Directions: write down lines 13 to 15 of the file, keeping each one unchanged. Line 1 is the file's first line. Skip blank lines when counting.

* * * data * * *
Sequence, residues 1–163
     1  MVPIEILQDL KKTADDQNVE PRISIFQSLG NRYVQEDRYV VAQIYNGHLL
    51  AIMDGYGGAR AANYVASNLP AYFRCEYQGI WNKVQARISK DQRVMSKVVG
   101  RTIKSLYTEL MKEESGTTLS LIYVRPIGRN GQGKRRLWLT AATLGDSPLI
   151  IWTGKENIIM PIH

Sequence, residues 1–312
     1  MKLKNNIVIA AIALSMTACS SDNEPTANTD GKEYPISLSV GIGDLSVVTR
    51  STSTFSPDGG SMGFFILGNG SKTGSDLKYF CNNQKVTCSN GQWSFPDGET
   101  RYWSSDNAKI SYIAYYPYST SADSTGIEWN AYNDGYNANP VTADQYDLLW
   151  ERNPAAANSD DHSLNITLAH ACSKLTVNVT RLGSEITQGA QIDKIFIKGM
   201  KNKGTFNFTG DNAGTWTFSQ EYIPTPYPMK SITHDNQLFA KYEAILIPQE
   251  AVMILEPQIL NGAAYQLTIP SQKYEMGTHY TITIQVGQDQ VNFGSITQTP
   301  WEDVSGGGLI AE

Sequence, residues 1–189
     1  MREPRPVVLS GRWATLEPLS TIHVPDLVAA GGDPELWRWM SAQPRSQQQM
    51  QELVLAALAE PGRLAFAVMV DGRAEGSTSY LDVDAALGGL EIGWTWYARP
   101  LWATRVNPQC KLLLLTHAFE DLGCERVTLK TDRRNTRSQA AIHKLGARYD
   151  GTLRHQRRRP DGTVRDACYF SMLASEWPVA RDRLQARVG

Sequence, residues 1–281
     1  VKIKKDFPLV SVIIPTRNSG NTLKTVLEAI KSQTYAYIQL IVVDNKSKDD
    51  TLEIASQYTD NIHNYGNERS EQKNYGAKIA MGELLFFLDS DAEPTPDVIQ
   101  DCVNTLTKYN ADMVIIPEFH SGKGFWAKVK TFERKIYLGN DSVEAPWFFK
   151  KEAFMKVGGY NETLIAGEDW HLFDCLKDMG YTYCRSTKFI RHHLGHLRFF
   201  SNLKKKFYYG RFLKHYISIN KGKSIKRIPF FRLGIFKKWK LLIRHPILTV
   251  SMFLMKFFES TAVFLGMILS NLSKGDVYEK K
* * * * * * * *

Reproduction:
   301  WEDVSGGGLI AE

Sequence, residues 1–189
     1  MREPRPVVLS GRWATLEPLS TIHVPDLVAA GGDPELWRWM SAQPRSQQQM